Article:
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the problem is that programs can be choosey and they take advantage of that. i was interested in anesthesia for a brief spell, but in my experience all across the board MD put very one sided requirements or don't take COMLEX. I saw a gas program with a a 600 requirement on COMLEX or a 205 on USMLE. Not equal scores. And even in the less competitive specialities there were many programs that flat out didn't take the COMLEX. if you are ok with matching somewhere, you should probably be fine. but if you are geographically tied, or you have a certain thing in mind, you need to approach the USMLE differently.
 
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WhiteCoatSyndrome

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the problem is that programs can be choosey and they take advantage of that. i was interested in anesthesia for a brief spell, but in my experience all across the board MD put very one sided requirements or don't take COMLEX. I saw a gas program with a a 600 requirement on COMLEX or a 205 on USMLE. Not equal scores. And even in the less competitive specialities there were many programs that flat out didn't take the COMLEX. if you are ok with matching somewhere, you should probably be fine. but if you are geographically tied, or you have a certain thing in mind, you need to approach the USMLE differently.
I agree. I had planned on studying as hard as possible for usmle this month and seeing where I stand with a test date for late August. I think the reason I did poorly on my practice tests was that I only studied for the COMLEX. Did no Uworld or anything usmle specific while doing a fast pass through FA. If I can focus on something I usually excel at it, so that's what I plan on doing his month, focusing on usmle where I didn't before.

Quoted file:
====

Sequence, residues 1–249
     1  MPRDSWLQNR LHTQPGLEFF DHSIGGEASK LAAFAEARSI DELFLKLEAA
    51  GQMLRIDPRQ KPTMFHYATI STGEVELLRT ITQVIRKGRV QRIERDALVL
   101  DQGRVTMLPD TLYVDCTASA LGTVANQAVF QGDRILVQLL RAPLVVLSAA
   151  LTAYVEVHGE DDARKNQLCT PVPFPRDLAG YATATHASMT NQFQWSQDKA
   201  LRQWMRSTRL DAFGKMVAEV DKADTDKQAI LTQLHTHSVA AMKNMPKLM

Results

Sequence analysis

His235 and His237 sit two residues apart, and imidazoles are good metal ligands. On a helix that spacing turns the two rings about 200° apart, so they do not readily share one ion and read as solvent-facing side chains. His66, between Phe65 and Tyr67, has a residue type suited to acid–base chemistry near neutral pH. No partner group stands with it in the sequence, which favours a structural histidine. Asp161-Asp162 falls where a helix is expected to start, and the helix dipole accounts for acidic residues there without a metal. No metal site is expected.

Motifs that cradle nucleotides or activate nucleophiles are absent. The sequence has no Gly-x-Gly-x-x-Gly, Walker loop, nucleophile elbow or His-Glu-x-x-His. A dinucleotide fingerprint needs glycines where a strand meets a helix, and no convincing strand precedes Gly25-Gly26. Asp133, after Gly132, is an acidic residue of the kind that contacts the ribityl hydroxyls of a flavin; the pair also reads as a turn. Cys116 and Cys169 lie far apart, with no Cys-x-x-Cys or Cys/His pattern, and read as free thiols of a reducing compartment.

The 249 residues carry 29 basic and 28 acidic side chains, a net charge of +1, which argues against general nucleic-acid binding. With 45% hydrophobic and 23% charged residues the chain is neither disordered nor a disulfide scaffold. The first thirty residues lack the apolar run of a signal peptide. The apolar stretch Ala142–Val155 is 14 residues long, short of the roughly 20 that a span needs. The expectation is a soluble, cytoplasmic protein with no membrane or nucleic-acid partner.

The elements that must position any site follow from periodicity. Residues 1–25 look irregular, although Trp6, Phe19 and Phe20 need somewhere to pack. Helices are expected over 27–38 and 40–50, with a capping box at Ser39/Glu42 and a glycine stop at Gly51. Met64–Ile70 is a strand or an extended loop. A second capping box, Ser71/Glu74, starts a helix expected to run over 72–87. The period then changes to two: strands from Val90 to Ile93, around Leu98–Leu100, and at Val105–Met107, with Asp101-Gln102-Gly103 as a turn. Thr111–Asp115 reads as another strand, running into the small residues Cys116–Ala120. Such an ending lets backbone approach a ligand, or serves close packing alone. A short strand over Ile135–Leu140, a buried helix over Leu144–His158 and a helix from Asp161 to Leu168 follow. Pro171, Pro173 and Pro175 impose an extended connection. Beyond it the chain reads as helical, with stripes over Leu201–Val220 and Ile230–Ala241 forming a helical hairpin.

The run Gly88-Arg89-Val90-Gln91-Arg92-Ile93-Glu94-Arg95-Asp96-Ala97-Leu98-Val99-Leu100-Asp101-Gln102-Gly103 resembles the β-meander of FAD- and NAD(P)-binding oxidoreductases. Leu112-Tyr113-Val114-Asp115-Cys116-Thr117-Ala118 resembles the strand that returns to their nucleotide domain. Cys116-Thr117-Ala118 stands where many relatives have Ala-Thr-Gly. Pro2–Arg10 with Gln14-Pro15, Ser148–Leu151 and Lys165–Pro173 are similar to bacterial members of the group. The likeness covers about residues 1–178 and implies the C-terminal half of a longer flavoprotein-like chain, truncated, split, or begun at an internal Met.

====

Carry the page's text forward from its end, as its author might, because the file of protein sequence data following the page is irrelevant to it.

dozitgetchahi

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the problem is that programs can be choosey and they take advantage of that. i was interested in anesthesia for a brief spell, but in my experience all across the board MD put very one sided requirements or don't take COMLEX. I saw a gas program with a a 600 requirement on COMLEX or a 205 on USMLE. Not equal scores. And even in the less competitive specialities there were many programs that flat out didn't take the COMLEX. if you are ok with matching somewhere, you should probably be fine. but if you are geographically tied, or you have a certain thing in mind, you need to approach the USMLE differently.
Entirely correct.

And there are many university ACGME programs out there (my IM program, for one) that take DOs but only want to see a USMLE score. My program, for instance, (which was Indiana University) has become more comfortable with DOs in general (taking iirc 7 out of 37 incoming last year) but as far as I know all of these people had good USMLE scores backing them up.
 

Drrrrrr. Celty

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For ACGME programs that accept COMLEX, a high COMLEX will > a low USMLE.

IF you are in the bottom 1/3rd of your Class in med school, do not bother with USMLE.

Do you think that bottom 1/3rd of your class is blanket for all schools tho or yours specifically? I'm not going to try to sound too nuts, but I imagine that a bottom 1/3rd of a student at a high tier program probably would be at least middle of class at lower tier schools.
 
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WhiteCoatSyndrome

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Entirely correct.

And there are many university ACGME programs out there (my IM program, for one) that take DOs but only want to see a USMLE score. My program, for instance, (which was Indiana University) has become more comfortable with DOs in general (taking iirc 7 out of 37 incoming last year) but as far as I know all of these people had good USMLE scores backing them up.
This is true, IU is pretty heavy on the USMLE. I know residents there and a past PD from IU and they all say that IU prefers USMLE for the most part. I'm not sure if that's true for psych, FM and other uncompetitive specialties though. Regardless, this just gives me more reason to study up this month and take it. I'm confident in my abilities if I focus.